Cultivate Simple Podcast in iTunes Chiot's Run on Facebook Chiot's Run on Twitter Chiot's Run on Pinterest Chiot's Run on Flickr RSS Feed StumbleUpon

The Urban Farm Handbook Giveaway

February 15th, 2012

When my friend Annette Cottrell from Sustainable Eats asked me to read through her new book Urban Farm Handbook: City Slicker Resources for Growing, Raising, Sourcing, Trading, and Preparing What You Eat I gladly accepted. There’s nothing I love more than giving my friends a hand, especially when it means that I get a free copy of the book to give away to one of you!

I expected this book to be like most of the other homesteading books that abound these days. It seems everyone wants to relearn some of the skills that have been lost throughout the last couple generations, so homesteading books are flooding the market. Thankfully, this book is different. Anette’s personal style brings the information to life, unlike many other books of this genre that I’ve read. She’s passionate about why she does what she does and it comes through. Her directions/explanations are in depth enough but still simple. You won’t be overwhelmed with information and feel like it’s unattainable for you to incorporate these changes into your current lifestyle.

The book covers everything from keeping chickens and grinding grain, to growing your own vegetables and making cheese. She makes these tasks seem achievable by anyone who sets their mind to it and takes away some of the mystique that surrounds them. If you’ve ever considered dabbling in keeping goats, chickens, making your own cheese, grinding grains, growing your own vegetables and all other kinds of self-sufficient things, this will be a fabulous reference guide to keep on your bookshelf.

Annette’s book is a great resource for the newbie, especially those of you that live in the Pacific Northwest. She lives in that area provides many resources that she knows about first hand. Reading about all the wonderful groups she’s a part of made me wish I had something similar here in NE Ohio.

If you’d like to win a copy of this book for your library, comment below. I’ll choose a winner next week.

What is one area of homesteading that you’d like to learn a bit more about and possibly incorporate into your life this year?

We have a winner – Congrats to Andres from Stell Homestead.

Anette is having a year long Urban Farm Handbook Challenge on her blog if you’re interested in joining. Each month a different area is featured, it’s the perfect way to work on incorporating changes into your life slowly without feeling overwhelmed.

In case you missed it, the winner for the Victory Garden Poster winner is Chicago Mike.

129 Comments to “The Urban Farm Handbook Giveaway”
  1. Liz J on February 15, 2012 at 7:01 am

    I’m not familiar with that book ~ it looks wonderful! I would like to learn more about chickens and raising them, and need to connect with someone in the area that does that. I hear “fresh” eggs are incomparable.

    Reply to Liz J's comment

  2. Mark S on February 15, 2012 at 7:23 am

    Raising chickens! I’ve got 4 pullets coming in April!

    Reply to Mark S's comment

  3. Virginia on February 15, 2012 at 7:32 am

    I would love to learn more about raising chickens and making cheese. I am so excited about this book!
    Virginia´s last post ..Mini Hot Fudge Cakes

    Reply to Virginia's comment

  4. Beegirl on February 15, 2012 at 7:48 am

    Thanks for such a great giveaway! Always looking for new ideas for the garden. I need to figure out how to tackle the strawberries this year. Fruit trees too. Need to learn about bee-safe treatments for the orchard. Pruning too..!!
    Beegirl´s last post ..Popularity

    Reply to Beegirl's comment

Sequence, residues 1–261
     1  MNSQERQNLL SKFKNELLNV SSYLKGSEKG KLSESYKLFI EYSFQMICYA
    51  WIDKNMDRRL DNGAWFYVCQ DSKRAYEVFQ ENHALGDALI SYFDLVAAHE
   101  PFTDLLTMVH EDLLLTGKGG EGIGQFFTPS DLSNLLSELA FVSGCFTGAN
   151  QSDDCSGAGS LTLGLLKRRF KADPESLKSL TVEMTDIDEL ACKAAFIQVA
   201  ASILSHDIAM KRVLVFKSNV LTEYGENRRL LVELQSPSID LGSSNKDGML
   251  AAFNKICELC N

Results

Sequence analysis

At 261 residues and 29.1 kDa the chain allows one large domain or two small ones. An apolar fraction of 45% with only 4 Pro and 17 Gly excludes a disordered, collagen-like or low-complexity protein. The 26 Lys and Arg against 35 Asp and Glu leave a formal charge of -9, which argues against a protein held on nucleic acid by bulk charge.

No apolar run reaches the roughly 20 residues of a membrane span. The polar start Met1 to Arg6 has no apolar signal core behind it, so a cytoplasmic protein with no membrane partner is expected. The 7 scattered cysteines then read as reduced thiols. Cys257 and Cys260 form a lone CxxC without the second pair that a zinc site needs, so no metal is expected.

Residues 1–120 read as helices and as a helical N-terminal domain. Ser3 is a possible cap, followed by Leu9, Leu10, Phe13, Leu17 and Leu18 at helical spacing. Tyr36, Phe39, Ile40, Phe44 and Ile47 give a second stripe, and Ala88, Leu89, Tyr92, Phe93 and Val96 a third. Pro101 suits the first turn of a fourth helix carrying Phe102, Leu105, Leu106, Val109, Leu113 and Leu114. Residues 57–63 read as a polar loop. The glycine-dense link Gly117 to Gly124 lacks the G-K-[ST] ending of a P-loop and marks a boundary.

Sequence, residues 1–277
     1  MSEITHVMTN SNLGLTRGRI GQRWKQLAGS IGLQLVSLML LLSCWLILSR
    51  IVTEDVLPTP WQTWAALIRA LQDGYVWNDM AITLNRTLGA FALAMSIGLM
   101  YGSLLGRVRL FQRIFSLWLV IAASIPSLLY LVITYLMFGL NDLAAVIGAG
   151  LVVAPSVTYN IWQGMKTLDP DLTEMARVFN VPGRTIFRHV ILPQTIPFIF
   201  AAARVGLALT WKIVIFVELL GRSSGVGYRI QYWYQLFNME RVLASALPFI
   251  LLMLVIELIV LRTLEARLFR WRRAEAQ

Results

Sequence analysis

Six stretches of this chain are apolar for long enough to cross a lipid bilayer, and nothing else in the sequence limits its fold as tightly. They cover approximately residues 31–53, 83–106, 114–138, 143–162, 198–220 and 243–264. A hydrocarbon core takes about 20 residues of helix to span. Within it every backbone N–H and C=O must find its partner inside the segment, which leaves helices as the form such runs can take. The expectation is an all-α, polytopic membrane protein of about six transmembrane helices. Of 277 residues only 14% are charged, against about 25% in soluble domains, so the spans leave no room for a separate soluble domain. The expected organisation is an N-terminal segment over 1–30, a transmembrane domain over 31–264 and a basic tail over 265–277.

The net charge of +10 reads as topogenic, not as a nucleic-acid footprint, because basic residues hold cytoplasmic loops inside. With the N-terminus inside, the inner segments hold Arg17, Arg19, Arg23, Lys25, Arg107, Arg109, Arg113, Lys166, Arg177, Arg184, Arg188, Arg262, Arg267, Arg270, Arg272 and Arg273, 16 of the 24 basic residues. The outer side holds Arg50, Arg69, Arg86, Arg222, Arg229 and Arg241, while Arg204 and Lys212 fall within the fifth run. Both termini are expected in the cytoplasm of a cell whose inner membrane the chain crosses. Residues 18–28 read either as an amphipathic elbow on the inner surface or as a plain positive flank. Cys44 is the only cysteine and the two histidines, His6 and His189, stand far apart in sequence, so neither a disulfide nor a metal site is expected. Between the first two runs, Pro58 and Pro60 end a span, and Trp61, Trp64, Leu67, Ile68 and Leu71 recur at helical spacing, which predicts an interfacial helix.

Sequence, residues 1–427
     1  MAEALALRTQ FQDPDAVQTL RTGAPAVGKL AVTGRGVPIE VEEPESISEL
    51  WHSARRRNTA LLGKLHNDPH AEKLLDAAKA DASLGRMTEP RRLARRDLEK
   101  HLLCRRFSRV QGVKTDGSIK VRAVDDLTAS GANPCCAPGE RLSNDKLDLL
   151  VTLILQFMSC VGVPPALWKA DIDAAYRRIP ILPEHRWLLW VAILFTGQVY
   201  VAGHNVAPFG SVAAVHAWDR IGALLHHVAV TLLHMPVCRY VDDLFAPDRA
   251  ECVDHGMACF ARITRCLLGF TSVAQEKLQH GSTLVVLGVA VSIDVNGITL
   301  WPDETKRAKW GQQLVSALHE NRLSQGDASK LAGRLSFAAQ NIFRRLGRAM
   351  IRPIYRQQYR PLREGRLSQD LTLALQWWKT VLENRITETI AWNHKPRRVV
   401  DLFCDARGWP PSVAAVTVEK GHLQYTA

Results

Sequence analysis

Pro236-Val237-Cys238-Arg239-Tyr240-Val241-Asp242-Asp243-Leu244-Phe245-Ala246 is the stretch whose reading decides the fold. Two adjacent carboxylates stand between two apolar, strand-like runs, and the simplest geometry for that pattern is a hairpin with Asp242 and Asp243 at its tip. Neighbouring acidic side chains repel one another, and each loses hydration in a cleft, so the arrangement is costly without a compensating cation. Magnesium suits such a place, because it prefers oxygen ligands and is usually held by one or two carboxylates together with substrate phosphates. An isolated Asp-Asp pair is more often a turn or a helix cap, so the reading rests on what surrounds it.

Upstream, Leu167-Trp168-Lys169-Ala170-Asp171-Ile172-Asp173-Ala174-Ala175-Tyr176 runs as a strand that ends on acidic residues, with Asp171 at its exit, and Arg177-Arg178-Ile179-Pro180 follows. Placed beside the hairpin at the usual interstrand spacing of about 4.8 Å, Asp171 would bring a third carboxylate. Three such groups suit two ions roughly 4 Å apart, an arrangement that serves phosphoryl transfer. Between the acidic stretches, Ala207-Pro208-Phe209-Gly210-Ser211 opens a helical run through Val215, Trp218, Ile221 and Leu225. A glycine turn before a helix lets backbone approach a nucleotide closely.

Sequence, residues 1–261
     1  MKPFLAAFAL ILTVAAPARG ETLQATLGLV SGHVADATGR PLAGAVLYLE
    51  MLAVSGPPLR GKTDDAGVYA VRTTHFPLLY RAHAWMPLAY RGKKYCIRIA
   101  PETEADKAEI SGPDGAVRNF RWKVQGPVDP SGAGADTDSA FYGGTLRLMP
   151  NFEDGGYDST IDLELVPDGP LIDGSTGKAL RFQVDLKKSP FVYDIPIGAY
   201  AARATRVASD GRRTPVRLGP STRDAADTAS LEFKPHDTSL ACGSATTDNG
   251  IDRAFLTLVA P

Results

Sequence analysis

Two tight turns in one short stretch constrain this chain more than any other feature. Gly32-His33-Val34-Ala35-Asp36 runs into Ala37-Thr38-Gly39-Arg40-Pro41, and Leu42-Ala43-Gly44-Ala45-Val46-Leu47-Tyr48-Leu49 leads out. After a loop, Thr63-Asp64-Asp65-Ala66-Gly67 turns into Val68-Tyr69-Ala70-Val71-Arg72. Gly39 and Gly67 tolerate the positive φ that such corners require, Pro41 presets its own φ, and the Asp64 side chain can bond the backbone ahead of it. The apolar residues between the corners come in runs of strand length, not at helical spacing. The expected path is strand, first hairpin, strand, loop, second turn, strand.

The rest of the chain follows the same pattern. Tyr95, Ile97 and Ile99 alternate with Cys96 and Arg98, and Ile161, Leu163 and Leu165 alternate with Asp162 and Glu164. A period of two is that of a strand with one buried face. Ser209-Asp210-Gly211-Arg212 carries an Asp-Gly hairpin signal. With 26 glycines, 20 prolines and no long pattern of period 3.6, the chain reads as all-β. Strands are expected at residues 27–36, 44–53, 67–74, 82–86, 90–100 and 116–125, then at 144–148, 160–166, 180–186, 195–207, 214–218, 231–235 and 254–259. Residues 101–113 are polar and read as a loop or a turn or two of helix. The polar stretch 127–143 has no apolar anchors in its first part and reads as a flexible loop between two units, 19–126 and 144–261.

5. Kathi Cook on February 15, 2012 at 7:51 am

    Cheesemaking and raising chickens. The book looks great. These “how-to” gardening, self-sufficiency books are my new favorite genre (that and cook books).

    Reply to Kathi Cook's comment

  6. nuri on February 15, 2012 at 8:03 am

    I’m hoping for figuring out how to do all this in a small space!

    Reply to nuri's comment

  7. B ryan N. on February 15, 2012 at 8:18 am

    I dug up 2 more garden areas this past fall and would like to grow strawberries and raspberries.Thanks for another opportunity to possibly expand the library.

    Reply to B ryan N.'s comment

  8. Hailey in MT on February 15, 2012 at 8:32 am

    Looks like a great book! I am always on the hunt for geographically specific gardening tips for the NW. Thanks!

    Reply to Hailey in MT's comment

  9. Nicole on February 15, 2012 at 8:39 am

    I would like to learn more about dairy and making cheeses at home. And I can always use more info on gardening since this will be the first year we have a full garden.

    Reply to Nicole's comment

  10. Miranda on February 15, 2012 at 8:40 am

    Cheesemaking is on my list of things to learn. It’s so intimidating to me for some reason.

    Reply to Miranda's comment

  11. Heather on February 15, 2012 at 8:45 am

    I want to learn how to make cheese. I’m also hoping to over my fear of pressure canning. This book sounds fantastic.
    Heather´s last post ..Snowy weekend projects

    Reply to Heather's comment

  12. Heather on February 15, 2012 at 8:46 am

    All of the above! Raising chickens and goats especially along with how grinding grains and making cheese works would be very interesting to me as a beginner. This looks like it would be a great book!

    Reply to Heather's comment

  13. Fawn on February 15, 2012 at 8:46 am

    Cheesemaking and possibly goats!

    I already grow veggies and raise chickens but I would love tips on how to improve in those areas too!

    Reply to Fawn's comment

  14. S on February 15, 2012 at 8:47 am

    I agree that Annete’s community looks appealing, we don’t have as much of that here either–or maybe it’s a case of the grass is greener in the PNW! Anyway, this year I’m mostly looking at refinement: simplifying what I do and tweaking things such as support structures etc. But also have considered some bartering this season, and that part of the book (and the pressure canning recipes) looks really interesting.
    S´s last post ..hoopdate, February 2012

    Reply to S's comment

  15. Cheryl on February 15, 2012 at 8:52 am

    I’d like to read more about raising chickens. And as a Pacific NW transplant to NE Ohio I’d love to read about home! :)